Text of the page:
Bloggers unite to oppose “botched late-night drafting” that proposes new press/web regulation

I’m one of 17 signatories (on behalf of LibDemVoice) to a letter published in Saturday’s Guardian, reproduced below, which opposes the “fundamental threat” of the draft legislation approved this week by MPs of all parties which would regulate blogs and other small independent news websites.

It’s not often you’ll see us, ConservativeHome, LabourList, Guido Fawkes, Liberal Conspiracy and Political Scrapbook agree on something. But what we term the “botched late-night drafting process and complete lack of consultation” has, for once, brought us together. And, as the letter notes, perhaps even more remarkably got Tom Watson and Rupert Murdoch agreeing, too.guardian letter - march 2013

Here’s how The Guardian reports our letter and the next moves aiming to un-do some of the mess created by MPs’ shambolically rushed law-making on Monday:

The fear that bloggers and small-scale enterprises would be drawn into the Leveson net of regulation has provoked outrage. A diverse group of bloggers including ConservativeHome’s Tim Montgomerie, LabourList’s Mark Ferguson, Guido Fawkes’s Paul Staines, Lib Dem Voice’s Stephen Tall and Political Scrapbook’s Laurence Durnan, in a letter to the Guardian, warn of the unforeseen consequences of the law. … Labour and Lib Dem sources said they would be tabling manuscript amendments to the crime and courts bill in the Lords to remove the threat. Two separate proposals have been suggested, either removing small businesses from the ambit of the proposed legislation or making it clear that not for profit groups would be excluded. It is thought both proposals in the eyes of civil servants have technical deficiencies, or will prevent opportunities for big media to circumvent the exemplary damages legislation. Instead civil servants are working on proposals based on either size or turn-over.

I think readers know my views on the post-Leveson legislation by now: that its well-meaning attempts to stick up for the victims of press excess are a dangerous infringement of free speech. Many of you, I know, disagree with me on this. What may be less contentious is that such legislation has to be very carefully thought-through if it is to avoid unintended consequences. That has not happened here, as Hacked Off itself has conceded.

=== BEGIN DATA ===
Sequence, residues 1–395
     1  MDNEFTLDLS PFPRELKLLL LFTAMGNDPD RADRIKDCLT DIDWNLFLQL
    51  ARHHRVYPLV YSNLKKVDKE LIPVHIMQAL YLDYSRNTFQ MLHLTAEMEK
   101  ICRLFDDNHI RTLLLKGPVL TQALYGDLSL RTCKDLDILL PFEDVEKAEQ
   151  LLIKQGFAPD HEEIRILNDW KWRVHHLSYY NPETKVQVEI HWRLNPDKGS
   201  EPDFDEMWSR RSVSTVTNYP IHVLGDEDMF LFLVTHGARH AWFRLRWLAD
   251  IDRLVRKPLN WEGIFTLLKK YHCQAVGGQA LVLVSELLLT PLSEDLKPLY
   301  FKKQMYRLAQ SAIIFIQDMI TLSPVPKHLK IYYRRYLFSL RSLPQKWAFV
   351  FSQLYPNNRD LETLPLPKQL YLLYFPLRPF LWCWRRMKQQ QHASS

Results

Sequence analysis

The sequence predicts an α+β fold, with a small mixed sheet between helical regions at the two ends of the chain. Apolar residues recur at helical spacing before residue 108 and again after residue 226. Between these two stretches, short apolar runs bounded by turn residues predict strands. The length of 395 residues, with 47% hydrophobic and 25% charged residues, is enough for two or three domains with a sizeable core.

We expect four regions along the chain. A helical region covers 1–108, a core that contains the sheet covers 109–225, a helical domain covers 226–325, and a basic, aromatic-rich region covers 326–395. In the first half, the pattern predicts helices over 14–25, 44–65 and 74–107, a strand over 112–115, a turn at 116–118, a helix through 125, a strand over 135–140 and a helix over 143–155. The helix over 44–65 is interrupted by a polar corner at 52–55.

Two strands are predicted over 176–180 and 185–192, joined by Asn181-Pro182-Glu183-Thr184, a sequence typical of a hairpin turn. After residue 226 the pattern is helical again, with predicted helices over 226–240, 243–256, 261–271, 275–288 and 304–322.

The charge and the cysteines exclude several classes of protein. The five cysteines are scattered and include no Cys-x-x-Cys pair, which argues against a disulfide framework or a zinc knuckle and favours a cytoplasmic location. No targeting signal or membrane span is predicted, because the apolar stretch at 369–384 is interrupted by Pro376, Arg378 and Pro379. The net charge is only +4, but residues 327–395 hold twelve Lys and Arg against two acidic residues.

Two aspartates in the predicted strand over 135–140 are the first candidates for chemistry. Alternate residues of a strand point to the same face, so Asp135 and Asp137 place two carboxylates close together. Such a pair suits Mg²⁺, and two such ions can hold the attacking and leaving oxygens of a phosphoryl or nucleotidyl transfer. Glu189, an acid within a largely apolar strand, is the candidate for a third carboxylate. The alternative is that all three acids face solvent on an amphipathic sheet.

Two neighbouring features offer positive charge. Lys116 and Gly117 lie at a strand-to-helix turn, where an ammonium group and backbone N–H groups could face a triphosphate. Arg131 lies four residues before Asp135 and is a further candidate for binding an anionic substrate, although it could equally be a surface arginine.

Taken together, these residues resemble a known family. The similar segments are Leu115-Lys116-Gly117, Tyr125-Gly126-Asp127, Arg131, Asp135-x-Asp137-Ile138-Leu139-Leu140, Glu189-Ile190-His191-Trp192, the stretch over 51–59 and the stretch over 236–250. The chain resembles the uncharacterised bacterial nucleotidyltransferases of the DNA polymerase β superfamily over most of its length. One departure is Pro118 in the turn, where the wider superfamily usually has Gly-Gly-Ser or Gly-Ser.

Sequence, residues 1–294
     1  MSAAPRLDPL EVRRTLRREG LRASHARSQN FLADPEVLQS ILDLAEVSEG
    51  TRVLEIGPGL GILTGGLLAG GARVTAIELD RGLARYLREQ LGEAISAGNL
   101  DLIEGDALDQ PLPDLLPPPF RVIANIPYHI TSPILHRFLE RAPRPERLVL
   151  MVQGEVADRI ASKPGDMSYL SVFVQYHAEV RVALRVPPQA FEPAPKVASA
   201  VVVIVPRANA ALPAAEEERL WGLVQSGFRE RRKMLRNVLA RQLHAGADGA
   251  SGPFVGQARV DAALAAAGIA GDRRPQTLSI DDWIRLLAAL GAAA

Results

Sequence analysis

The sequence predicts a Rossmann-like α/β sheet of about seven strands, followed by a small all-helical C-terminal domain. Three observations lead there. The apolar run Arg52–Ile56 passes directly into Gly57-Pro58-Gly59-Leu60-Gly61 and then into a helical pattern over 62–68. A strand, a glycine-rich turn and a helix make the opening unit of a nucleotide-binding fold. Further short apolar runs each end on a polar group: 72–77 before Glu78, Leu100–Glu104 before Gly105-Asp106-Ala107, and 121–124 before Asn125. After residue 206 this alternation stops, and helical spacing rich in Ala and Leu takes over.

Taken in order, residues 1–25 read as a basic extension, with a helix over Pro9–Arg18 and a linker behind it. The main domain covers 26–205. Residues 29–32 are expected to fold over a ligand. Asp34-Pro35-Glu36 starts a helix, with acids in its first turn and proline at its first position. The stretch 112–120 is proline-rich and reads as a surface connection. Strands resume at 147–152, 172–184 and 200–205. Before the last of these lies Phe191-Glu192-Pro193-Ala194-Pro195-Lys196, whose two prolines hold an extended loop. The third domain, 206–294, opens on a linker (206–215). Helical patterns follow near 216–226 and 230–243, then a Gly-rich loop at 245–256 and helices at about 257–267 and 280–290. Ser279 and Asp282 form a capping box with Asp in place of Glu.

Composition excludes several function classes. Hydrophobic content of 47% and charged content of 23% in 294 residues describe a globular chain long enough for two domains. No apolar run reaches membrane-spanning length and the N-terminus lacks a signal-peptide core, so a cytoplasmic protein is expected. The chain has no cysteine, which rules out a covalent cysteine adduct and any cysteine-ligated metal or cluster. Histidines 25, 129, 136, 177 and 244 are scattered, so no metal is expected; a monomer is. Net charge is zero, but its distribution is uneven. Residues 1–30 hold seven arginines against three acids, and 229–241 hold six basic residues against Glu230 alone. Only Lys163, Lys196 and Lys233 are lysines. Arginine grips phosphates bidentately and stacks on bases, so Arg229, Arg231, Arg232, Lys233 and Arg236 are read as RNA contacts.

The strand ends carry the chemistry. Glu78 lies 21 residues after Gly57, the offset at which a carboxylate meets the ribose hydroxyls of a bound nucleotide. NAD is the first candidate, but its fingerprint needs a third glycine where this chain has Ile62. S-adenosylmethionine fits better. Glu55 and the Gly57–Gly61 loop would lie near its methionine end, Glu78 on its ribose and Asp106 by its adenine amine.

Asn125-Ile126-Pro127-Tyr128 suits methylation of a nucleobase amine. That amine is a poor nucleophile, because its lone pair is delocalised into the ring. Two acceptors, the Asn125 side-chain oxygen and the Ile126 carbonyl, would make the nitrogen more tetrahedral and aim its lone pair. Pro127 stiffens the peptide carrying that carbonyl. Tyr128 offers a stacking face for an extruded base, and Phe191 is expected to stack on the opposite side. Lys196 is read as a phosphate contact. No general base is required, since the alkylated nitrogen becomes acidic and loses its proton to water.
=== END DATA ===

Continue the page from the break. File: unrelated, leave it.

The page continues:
Where does the majority of the blame for this cock-up lie? Here’s Paddy Ashdown’s take (via the same Guardian report):

… Paddy Ashdown [claims] David Cameron made a colossal “strategic blunder” in pulling out of talks on the creation of a new regulator for the press. Lord Ashdown said the Prime Minister had simultaneously damaged his standing with his own MPs, angered his supporters in the newspapers, and strained relations with his Lib Dem coalition partners. In an interview with BBC Radio 4′s The Week In Westminster, he said Mr Cameron managed to achieve the “Tory nightmare” of forcing Nick Clegg to line up with Labour. “I have not seen an avoidable strategic blunder made by a British prime minister or indeed the leader of a British political party which matches that of Mr Cameron over Leveson,” he said . “He marched his troops up to the top of the hill and then he had to march them back down again. In terms of strategy, this seems to me to make the Grand Old Duke of York look like a military genius.”

Botched draft that threatens the blogosphere

The Guardian – 23 March, 2013

The Leveson inquiry was set up to address “the culture, practices and ethics of the press, including contacts between the press and politicians and the press and the police” (Comment, 19 March). Our views diverge on whether the outcome of the Leveson process – and the plans for a new regulator – are the best way forward. But where we all agree is that current attempts at regulating blogs and other small independent news websites are critically flawed.

The government has defined a “relevant publisher” for the purposes of press regulation in a way that seeks to draft campaign groups and community-run websites covering neighbourhood planning applications and local council affairs into a regulator designed for the Guardian, Sun and Daily Mail. Even the smallest of websites will be threatened with the stick of punitive “exemplary damages” if they fall foul of a broad range of torts, encompassing everything from libel to “breach of confidence”. The authors of these proposals should reflect on their remarkable achievement of uniting both Tom Watson and Rupert Murdoch in opposition.

This appears to be the outcome of a botched late-night drafting process and complete lack of consultation with bloggers, online journalists and social media users, who may now be caught in regulations which trample on grassroots democratic activity and Britain’s emerging digital economy. Leveson was meant to be focused on the impact of “big media”. In the end it may come to be seen as a damaging attack on Britain’s blogosphere, which rather than being a weakness in British politics, has proved time and time again that it is a real strength.

We will all continue to write, campaign, cajole, amuse and irritate online. But we consider the current proposals a fundamental threat to doing just that.

Mark Ferguson LabourList
Tim Montgomerie ConservativeHome
Stephen Tall LibDemVoice
Laurence Durnan Political Scrapbook
Paul Staines Editor, Guido Fawkes’ Blog
Harry Cole News Editor, Guido Fawkes’ Blog
Alex Wickham Reporter, Guido Fawkes’ Blog
Sunny Hundal Liberal Conspiracy
Jag Singh Messagespace
Neal Lawson Compass
Nick Pickles Director, Big Brother Watch
Jim Killock Executive director, Open Rights Group
Emma Burnell Scarlet Standard
Adam Bienkov
Luke Akehurst
James Bloodworth Left Foot Forward
Jon Lansman Leftfutures